One of the keys to a successful open data portal is to make it useful for the end user. Citizens and developers should be able to understand data sets without needing a PhD. I've been following the progress of Raleigh, North Carolina's open data initiative, which launched a beta of their data.raleighnc.gov portal in March 2013.
One of the most important parts of Raleigh's open data initiative is that it's not just about the data. The City staff working on the data policy and the open data portal have a full and complete understanding that presenting raw data sets only gets you halfway to your open data mission. Without visualization tools or a way for the average person to understand what the data means, the job is only half done. They also understand that providing the right data sets can help spur innovation and create new businesses—which is why they are spending a lot of time trying to understand which data is most important to the Raleigh community.
Behind the scenes, there is a champion leading the effort. An open data guru and a hero to many of us on the open government frontlines. Jason Hare is the Open Data Program Manager from the City of Raleigh Information Technology department. I asked Hare to share his thoughts and to give us a better understanding of how the city is defining open data and what the future holds for Raleigh's open data platform. He provided some great insight for Raleigh's up-and-coming open data initiative.
Q: How do you define open data?
A: Open data is the information infrastructure of the City of Raleigh. When we say "data as infrastructure" we are referring to open data.
Open data, open government, and the freedom of information laws are related and have overlap, but are not the same thing. Open data follows cultural, ethical, and technical rules. Ultimately, open data is defined as data sets created by a government entity and made available to the public. The data sets that are released follow the Open Knowledge Foundation (OKFN) guidelines that govern the machine readability, structural issues, and ethical issues of the data released. Our resolution is based on the OKFN guidelines.
Q: Why is it important that the City of Raleigh hired an open data manager?
A: The City of Raleigh wanted an open data manager to ensure that the open data program is developed in a way that is sustainable, transparent, and accessible. Having an open data manager demonstrates Raleigh's commitment to the idea of "open" in regards to data-driven policy development and community engagement.
Q: What is your vision for Raleigh's open data platform?
A: I am developing a white paper on that topic. The short answer is open data is the start of an acculturation process leading to a transparent and collaborative relationship between city government and citizens.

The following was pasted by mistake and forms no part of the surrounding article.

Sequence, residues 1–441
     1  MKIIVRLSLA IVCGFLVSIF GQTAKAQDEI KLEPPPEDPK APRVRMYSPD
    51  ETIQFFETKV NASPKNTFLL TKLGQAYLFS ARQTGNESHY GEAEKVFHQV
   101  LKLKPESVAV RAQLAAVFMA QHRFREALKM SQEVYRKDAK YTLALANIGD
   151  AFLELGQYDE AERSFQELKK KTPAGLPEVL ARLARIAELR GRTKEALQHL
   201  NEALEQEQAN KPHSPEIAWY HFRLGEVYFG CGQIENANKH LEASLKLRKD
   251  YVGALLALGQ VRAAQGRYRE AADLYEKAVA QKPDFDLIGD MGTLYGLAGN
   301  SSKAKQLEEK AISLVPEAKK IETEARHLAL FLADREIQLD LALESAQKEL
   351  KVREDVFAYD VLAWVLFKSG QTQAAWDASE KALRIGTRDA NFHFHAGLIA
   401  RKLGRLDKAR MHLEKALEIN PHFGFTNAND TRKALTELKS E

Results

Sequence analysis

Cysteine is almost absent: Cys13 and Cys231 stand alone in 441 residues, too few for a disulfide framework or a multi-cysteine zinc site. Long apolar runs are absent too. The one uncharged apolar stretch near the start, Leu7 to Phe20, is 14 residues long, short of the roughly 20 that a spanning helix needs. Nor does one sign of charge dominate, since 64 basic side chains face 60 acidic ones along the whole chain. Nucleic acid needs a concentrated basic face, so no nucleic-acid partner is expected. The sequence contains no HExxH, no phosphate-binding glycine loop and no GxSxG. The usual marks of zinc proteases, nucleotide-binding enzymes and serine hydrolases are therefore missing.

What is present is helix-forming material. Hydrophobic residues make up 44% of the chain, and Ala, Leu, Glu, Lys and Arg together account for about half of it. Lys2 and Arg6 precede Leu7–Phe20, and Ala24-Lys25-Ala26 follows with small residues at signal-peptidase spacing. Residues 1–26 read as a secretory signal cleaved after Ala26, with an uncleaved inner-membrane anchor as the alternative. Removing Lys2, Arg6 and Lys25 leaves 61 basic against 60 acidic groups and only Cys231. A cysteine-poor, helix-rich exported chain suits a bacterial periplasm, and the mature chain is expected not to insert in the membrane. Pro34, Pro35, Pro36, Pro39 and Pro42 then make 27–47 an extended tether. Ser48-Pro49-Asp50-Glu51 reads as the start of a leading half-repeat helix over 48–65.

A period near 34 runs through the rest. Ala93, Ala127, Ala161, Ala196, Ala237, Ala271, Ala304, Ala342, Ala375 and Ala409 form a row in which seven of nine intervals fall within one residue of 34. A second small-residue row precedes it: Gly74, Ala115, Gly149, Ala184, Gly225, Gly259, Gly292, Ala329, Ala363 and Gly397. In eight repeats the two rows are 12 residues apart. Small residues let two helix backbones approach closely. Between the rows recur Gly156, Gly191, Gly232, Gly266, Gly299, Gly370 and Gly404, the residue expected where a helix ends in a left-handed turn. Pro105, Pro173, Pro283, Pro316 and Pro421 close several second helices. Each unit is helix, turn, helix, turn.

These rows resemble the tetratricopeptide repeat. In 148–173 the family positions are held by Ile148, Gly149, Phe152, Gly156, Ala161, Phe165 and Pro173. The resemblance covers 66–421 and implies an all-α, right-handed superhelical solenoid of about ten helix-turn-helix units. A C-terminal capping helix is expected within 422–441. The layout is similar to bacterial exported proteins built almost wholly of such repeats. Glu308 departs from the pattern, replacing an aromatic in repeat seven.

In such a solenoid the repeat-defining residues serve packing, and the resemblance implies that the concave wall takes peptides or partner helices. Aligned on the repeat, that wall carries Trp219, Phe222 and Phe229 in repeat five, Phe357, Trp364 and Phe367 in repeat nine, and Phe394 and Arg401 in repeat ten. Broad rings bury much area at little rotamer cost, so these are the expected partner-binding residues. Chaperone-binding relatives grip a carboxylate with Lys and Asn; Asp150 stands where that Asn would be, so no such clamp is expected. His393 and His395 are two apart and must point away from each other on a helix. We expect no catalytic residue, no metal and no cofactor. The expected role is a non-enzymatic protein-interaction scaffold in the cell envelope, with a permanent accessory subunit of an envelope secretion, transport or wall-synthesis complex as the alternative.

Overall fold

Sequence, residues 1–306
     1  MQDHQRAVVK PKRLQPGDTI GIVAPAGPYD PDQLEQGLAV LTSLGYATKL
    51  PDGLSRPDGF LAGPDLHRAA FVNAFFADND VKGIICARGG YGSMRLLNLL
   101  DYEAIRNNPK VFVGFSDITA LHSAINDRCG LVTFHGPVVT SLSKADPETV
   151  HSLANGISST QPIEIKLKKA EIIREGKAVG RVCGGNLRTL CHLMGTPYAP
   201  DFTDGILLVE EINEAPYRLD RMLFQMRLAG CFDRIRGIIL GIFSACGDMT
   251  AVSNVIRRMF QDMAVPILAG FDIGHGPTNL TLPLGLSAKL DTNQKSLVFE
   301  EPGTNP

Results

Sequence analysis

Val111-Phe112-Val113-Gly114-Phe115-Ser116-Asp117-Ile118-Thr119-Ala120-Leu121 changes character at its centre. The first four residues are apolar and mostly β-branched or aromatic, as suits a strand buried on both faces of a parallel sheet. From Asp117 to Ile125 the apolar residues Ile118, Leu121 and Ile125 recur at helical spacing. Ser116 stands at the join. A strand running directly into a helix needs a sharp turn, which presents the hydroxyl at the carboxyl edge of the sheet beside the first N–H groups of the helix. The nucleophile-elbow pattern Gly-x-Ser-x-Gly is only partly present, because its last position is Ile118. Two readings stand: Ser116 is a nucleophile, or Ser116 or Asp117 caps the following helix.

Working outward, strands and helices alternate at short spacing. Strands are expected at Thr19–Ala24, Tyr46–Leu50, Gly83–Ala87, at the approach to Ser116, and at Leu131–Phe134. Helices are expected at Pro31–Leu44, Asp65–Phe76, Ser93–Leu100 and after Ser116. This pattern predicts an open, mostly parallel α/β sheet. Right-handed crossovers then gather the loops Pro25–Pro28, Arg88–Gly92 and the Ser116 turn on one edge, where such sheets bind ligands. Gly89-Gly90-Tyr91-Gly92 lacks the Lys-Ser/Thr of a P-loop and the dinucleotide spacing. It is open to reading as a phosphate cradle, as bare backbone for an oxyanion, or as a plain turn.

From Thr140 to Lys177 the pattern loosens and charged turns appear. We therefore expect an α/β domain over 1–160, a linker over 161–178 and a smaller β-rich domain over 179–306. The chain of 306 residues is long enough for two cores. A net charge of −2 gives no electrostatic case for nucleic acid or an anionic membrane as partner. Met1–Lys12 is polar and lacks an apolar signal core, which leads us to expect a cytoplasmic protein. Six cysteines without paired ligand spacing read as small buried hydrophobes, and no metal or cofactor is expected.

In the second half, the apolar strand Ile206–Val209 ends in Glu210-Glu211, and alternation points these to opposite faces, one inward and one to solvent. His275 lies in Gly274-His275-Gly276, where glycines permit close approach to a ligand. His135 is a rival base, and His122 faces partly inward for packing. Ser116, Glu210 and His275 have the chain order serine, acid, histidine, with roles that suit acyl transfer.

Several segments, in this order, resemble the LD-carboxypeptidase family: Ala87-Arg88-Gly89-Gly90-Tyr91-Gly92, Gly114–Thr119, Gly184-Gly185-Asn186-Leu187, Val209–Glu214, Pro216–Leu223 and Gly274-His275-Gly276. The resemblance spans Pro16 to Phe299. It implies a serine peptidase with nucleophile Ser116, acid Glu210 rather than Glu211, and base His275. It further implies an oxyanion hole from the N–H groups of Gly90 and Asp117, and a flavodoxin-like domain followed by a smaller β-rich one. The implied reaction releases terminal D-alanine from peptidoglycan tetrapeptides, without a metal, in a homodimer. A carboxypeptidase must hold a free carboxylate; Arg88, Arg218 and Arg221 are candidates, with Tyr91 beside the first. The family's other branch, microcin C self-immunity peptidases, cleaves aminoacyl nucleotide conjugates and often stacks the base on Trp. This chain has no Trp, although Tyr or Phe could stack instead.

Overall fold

Open data is a necessary but not sufficient effort in that acculturation process. Open Raleigh, as a brand, will emphasize data accessibility and information usability. We are not tying ourselves to a particular technology. We are building an infrastructure using several technologies to deliver information that is the narrative of the city.
Q: What's the difference between providing an open data set and providing useful open data with visualization?
A: There is no transparency without data usability. Tabular rows of numbers and machine readable formats of GIS shape data and CSV's of budget numbers are going to be there for those that want to analyze the raw data themselves. For the other 99% of the rest of us, there will be visualizations that explain the numbers.
Q: How can Raleigh be a leader in the open data space?
A: We build on the work of the pioneers of the open data community and take lessons learned. I have spoken with most of the leaders within the open data community, with several citizen groups within Raleigh, and most of the city government leaders. We will adhere to the emerging global data standard and the ethical standards of open data as put forth by the OKFN.
We are developing our own principles that match the culture of our city. Open Raleigh will be different than most North American efforts. We are emphasizing engagement and interactivity with our data. It is important to me that the citizen experience is visually compelling and informative. Health, culture, law, economics, science, and education will all be open topics. Anything that affects the quality of life of our citizens will be reflected in the data we share through Open Raleigh.
None of this happens overnight. We start with the infrastructure and build out. This will be an iterative experience. The open data manager will not be the final arbitrator of what Open Raleigh becomes. It will be the citizens and City working together in governance over Open Raleigh.
My job is to facilitate and make the experience a positive one for our citizens.
Note: The Open Knowledge Foundation is looking for case studies showing the benefits of open research data. Be sure to contribute your case study to the Open Research Data Handbook – Call for case Studies and collaborate with the volunteer-led guide for Open Research Data best practices.